Miles Barne lost no time pulling down the Playters’ old house and replacing it with the brick mansion which stands, little altered, today. In a county where ‘major C18 country houses are few and far between … Sotterley Hall is a pleasant and complete example of its date’.4
No architect has been ascribed but a confident hand is evident: three-bay pediments feature on all sides of the H-plan house. On the N facade (left) a Venetian window and door arrangement interrupts the regular fenestration.
‘It is capacious and contains some good apartments,’ noted local artist Henry Davy in compiling his truncated survey of Suffolk seats (1827, right). ‘But,’ he went on, ‘according to the usual mode of constructing houses in those days, a great deal of room is wasted on halls and passages.’ The most obviously purposed of these spaces, the entrance hall, features the best of several ‘exceedingly good fireplaces‘.4
As his new house was going up Miles Barne took a bride, Elizabeth, daughter and heiress of controversial ex-governor of Madras, Nathaniel Elwick. Alas, she would have little chance to enjoy life as lady of the manor, dying just two years later but having produced an heir, Miles. The latter would in due course inherit not just the Sotterley estate but also most of Dunwich (acquired 1754, dispersed at auction in 1947) and the Elwick property (May Place in Kent, sold 1938). Not forgetting, of course, the family seat in Parliament.
A retiring home bird, young Miles ‘refused to succeed his father [as MP] in 1777 because he ‘preferred living in the country”. Helpfully, however, his step-mother had produced a steady supply of half-brothers; less helpfully, they weren’t overly keen on going up to Westminster either though their reluctance stemmed from that awkward affliction of the gentry, younger son syndrome.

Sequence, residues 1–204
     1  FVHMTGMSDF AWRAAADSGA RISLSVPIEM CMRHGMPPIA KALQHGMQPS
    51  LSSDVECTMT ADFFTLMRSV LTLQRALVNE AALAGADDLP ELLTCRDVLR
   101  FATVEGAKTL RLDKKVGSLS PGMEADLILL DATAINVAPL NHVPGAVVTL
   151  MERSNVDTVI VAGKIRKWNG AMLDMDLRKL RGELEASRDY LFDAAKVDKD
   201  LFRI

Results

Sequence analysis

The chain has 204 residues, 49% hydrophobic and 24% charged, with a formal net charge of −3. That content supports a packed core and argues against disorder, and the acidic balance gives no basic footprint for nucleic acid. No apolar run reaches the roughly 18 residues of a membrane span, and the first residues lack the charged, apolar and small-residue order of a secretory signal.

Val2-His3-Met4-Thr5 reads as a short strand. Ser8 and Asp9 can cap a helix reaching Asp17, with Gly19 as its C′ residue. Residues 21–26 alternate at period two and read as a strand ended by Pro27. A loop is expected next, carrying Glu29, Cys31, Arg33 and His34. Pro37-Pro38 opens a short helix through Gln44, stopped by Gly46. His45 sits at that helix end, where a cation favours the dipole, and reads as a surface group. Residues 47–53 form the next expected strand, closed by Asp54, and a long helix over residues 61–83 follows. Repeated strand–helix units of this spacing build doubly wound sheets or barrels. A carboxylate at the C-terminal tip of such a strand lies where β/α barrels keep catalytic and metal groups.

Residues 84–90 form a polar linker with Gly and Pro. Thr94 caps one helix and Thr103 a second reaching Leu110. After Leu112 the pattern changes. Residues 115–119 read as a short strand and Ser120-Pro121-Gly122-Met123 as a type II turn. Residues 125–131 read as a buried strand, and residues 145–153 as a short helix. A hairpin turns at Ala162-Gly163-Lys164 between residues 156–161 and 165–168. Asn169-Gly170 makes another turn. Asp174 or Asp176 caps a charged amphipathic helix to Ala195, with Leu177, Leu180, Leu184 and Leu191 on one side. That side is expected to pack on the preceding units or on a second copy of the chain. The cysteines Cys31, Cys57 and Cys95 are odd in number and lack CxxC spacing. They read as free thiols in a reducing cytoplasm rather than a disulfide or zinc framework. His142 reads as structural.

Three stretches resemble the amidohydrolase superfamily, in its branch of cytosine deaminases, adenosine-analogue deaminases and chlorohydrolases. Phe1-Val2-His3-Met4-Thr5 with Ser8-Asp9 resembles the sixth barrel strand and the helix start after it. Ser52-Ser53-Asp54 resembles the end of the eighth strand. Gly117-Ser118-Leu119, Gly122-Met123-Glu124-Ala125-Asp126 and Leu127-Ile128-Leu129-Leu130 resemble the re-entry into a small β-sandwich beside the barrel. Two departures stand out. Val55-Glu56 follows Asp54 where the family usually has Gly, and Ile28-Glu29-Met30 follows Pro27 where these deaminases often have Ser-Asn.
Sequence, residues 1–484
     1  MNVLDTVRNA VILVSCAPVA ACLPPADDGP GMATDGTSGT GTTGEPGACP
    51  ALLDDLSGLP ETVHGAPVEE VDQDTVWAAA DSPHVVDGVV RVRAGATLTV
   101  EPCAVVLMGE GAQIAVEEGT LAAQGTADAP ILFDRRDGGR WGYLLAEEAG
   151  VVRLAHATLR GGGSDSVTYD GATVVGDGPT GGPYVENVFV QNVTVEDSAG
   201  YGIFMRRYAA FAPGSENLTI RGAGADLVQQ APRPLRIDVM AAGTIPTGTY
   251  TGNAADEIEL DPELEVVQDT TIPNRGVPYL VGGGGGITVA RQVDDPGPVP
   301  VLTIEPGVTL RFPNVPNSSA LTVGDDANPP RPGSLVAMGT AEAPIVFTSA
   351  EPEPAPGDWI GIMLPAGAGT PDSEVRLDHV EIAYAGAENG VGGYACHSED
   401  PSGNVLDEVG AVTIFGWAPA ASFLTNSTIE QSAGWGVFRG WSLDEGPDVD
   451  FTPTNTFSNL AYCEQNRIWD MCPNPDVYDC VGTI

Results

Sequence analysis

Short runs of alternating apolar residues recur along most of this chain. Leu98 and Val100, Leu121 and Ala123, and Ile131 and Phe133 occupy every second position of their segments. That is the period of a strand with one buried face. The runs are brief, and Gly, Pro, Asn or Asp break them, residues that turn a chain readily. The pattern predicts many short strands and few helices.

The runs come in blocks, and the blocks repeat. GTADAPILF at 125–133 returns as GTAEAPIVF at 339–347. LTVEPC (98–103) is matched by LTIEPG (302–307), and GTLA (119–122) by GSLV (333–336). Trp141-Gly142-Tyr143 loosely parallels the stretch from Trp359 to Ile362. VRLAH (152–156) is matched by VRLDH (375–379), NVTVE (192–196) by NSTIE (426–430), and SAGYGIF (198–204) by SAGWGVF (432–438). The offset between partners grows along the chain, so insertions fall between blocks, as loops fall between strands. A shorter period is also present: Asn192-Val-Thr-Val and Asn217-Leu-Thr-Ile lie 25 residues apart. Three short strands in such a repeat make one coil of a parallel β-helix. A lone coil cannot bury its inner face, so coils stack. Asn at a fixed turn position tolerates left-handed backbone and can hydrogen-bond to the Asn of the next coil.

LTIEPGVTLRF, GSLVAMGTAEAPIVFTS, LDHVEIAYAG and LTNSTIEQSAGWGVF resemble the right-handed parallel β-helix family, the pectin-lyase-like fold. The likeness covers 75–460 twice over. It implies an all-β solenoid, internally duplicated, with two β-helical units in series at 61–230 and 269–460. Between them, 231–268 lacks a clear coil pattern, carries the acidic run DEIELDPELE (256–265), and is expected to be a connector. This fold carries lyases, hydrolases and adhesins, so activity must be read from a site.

‘England offered relatively few opportunities for the impoverished remittance man and gentleman of leisure, other than hanging about the house dependent on the bounty of their elder brother. The majority had to rely on their talents, being launched into the world by their parents with little more than a lump sum and perhaps a fitting education. Worse still, there were relatively few respectable jobs open to the crowd of aspirants.’¹
Second son Barne Barne took the Dunwich seat in 1777 but was always seeking a salaried post as he was ‘anxious to marry and could not do so without employment’. (His schemes to boost the value of the family estates would also incur big debts.²) Eventually appointed a commissioner of taxes, Barne resigned his seat obliging squire Miles to step into the breach for a period. But ‘it is clear he was a reluctant member for he left no trace of activity in the House and retired on grounds of health’ at the first opportunity.
Brother Snowdon, a struggling barrister, now took his turn as MP, ‘a situation to which my circumstances are hardly equal’. He, too, sought paid office which he eventually secured in 1812 to be succeeded – ‘somewhat reluctantly .. my private fortune being too small to [establish] myself comfortably in London’ – by his soldier sibling, Michael. ‘Of the four Barne brothers in the House, Michael was the only one who married,’ and his only son, Frederick, would be the sitting family member when the unconscionable constituency was finally abolished in 1832.